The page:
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Symposium: The Orléans Collection: Tastemaking, Networks, and Legacy
January 11 at 6:00 PM - 7:00 PM
The New Orleans Museum of Art and the Frick Collection’s Center for the History of Collecting will host a two-day symposium, January 11-12, 2019, in conjunction with The Orleans Collection, an exhibition dedicated to the collecting and collection of Philippe II, Duke of Orléans (1674–1723) and on view at NOMA through January 27, 2019.
In slightly more than two decades, Philippe II, Duke of Orléans, amassed one of the most important collections of European paintings in the history of art, which he displayed in his Palais-Royal in Paris. The Duke’s celebrated collection comprised over 500 masterpieces of European art, and this landmark exhibition reunites a representative group of forty works to tell the complex story of the collection’s formation and character and the impact of the sales of the collection in London during the French revolution, a watershed event in the history of collecting.
The symposium will consider Philippe II’s taste and the impact the collection had for generations of collectors and artists, and an increasingly wider public throughout the eighteenth century. Subjects of interest include: Philippe II’s patronage network; fellow collectors and trends in collecting in Paris; dealers and the art market in eighteenth-century Paris; connections with contemporary collections in the German principalities; the “Orléans Effect” in Great Britain and later entrance into public collections.
Admission: $100 general public | $75 NOMA members | $30 Graduate students with ID (please register using a university email address)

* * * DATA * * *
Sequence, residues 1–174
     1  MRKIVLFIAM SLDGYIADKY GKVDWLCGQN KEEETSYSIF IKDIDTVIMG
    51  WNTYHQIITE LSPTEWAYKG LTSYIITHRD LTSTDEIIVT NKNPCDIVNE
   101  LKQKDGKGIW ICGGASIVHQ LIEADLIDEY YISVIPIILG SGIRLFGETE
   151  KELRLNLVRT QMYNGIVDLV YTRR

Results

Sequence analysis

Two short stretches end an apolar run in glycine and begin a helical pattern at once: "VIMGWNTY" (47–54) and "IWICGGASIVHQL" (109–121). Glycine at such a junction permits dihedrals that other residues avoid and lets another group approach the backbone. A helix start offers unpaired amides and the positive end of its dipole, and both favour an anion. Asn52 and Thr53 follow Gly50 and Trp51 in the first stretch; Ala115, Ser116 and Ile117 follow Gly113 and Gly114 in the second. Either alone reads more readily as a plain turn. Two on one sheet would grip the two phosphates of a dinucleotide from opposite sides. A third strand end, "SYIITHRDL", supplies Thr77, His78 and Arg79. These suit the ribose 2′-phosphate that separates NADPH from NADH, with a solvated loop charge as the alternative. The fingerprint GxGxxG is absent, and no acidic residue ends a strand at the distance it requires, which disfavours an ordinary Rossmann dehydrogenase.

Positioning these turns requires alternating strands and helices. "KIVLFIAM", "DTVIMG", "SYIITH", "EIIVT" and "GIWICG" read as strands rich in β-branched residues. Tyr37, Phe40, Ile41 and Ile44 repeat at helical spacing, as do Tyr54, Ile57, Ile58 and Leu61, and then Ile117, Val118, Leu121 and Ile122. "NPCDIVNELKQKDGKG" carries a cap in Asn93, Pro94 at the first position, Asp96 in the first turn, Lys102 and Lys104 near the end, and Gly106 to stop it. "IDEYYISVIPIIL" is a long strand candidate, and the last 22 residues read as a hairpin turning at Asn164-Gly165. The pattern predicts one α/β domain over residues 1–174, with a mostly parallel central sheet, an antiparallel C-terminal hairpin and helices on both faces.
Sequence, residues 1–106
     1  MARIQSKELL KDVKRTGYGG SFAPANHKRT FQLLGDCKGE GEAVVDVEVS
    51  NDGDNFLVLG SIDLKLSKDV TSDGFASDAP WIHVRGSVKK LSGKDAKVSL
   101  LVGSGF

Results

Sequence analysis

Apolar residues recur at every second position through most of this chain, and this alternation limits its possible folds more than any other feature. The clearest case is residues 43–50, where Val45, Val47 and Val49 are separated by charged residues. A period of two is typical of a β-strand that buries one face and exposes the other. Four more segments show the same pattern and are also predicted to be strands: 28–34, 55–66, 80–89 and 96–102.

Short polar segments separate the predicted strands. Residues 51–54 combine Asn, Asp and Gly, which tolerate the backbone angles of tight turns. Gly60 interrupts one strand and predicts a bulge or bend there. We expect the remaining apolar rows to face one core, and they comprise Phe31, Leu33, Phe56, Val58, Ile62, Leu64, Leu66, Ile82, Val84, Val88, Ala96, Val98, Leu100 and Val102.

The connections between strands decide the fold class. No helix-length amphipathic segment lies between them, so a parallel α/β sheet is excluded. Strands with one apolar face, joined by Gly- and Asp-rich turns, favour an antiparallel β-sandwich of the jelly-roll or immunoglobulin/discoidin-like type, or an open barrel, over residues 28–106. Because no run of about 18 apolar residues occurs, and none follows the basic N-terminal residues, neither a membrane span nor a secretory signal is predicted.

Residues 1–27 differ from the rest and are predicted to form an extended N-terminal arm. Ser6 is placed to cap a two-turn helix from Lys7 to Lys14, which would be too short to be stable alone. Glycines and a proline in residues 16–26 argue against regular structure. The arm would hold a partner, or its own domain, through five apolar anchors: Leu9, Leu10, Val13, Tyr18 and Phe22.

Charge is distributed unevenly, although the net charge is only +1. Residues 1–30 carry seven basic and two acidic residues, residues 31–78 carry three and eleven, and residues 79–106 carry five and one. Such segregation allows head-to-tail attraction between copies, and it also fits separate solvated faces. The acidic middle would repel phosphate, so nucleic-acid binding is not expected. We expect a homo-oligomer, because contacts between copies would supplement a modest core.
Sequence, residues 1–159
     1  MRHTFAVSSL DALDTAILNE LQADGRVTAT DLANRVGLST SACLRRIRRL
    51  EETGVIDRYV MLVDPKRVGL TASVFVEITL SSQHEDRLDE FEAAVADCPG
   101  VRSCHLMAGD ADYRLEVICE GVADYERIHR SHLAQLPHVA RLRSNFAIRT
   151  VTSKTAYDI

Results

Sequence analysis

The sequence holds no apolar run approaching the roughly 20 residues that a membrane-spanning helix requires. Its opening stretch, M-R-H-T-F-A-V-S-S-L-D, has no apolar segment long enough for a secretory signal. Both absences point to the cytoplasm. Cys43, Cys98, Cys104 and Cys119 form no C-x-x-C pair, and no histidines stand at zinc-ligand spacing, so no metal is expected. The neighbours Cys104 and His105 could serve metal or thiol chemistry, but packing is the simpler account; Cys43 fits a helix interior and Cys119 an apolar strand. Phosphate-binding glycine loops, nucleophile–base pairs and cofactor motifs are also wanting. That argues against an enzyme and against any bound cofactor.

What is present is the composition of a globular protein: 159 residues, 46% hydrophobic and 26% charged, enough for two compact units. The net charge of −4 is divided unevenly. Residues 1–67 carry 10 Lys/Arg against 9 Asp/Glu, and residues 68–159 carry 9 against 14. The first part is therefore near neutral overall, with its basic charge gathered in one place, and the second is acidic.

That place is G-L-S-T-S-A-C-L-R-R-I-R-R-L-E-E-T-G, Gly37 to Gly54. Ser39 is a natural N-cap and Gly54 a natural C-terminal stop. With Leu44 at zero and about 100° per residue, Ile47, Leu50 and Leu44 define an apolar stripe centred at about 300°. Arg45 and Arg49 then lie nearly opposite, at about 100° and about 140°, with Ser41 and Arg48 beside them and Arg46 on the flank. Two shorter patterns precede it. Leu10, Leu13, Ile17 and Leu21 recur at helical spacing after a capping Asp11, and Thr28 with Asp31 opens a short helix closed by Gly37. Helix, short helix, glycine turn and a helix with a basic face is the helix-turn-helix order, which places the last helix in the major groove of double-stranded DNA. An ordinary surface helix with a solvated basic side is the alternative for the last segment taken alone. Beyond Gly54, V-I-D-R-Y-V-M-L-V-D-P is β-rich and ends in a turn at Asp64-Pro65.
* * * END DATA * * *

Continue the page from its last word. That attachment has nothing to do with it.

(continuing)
Friday, January 11
6 pm | “Repositioning Philippe’s Collecting,” Symposium Keynote Lecture by Vanessa Schmid, Senior Research Curator for European Art at the New Orleans Museum of Art
Saturday, January 12
9 am – 7 pm | Symposium Sessions and Reception
9 am | Registration
9:30 am | Welcome: “The Legacy of The Orléans Collection,” Inge Reist, Director Emerita, The Frick Collection’s Center for the History of Collecting
10:30 am | SESSION I: Tastemaking in Paris: Philippe, His Circle and Connections in Eigtheenth-Century France
- “Paintings for the Duke of Orléans: Montarsis, Hérault, Rondé, and the Network of Parisian Picture Dealers around 1710,” François Marandet, Art History Lecturer, Institut d’études supérieures des arts, Paris
- “Absolutism and the Politics of Affect in Antoine Coypel’s Aeneas Gallery,” Aaron Wile, University of Southern California
- “Alternatives to the French Academy: Painters and the Public Spaces during the Regency,” Sophie Raux, University of Lyon
- “The Craze for Netherlandish Painting in Eighteenth-Century Paris,” Everhard Korthals Altes, Delft Technical University
12:30 pm | LUNCH (A boxed lunch will be provided to all full-price participants, excluding Graduate Student admission)
1:30 pm | SESSION II: The Orléans Effect in Great Britain
- “Crossing the Channel: The Orléans Collection Arrives in London,” Julia Armstrong-Totten, Independent Scholar
- “The Orléans Collection reborn in Regency London: The Stafford Gallery at Cleveland House,” Peter Humfrey, Professor Emeritus, University of St. Andrews
- “Decline and Fall: The Fate of the Orléans Pictures in Britain,” Elizabeth Pergam, Sotheby’s Institute of Art, New York
- “‘Looking at the £100,000 Picture’: Rembrandt’s The Mill, Loans and Acquisitions at the National Gallery, London,” Alison Clarke, Terra Foundation-Paul Mellon Centre Fellow
Hotel blocks have been reserved for symposium participants at the Hampton Inn on Saint Charles; register using the codeword NOMAFRICKSYMPOSIUM.
Image credit: Rembrandt van Rijn (Dutch, 1606-1669), The Mill, 1645-1648, Oil on canvas, 34 1/2 x 41 9/16 in., National Gallery of Art, Washington, D.C., Widener Collection, Courtesy National Gallery of Art, Washington
The Center for the History of Collecting was established at the Frick Art Reference Library in 2007 to support the study of the formation of art collections, both public and private, from the Renaissance to the present day, while asserting the relevance of this subject to art and cultural history. The Center’s public programs provide a forum for thoughtful exchange that stimulates scholarship in this discipline. The Center also offers fellowships, seminars, panels, and study days and plays a significant role in creating the tools needed for access to primary documents generated by art collectors and dealers.
Additional support is provided by the Press Foundation, Northern Trust, the Robert H. Smith Family Foundation, and the Consul General of France in New Orleans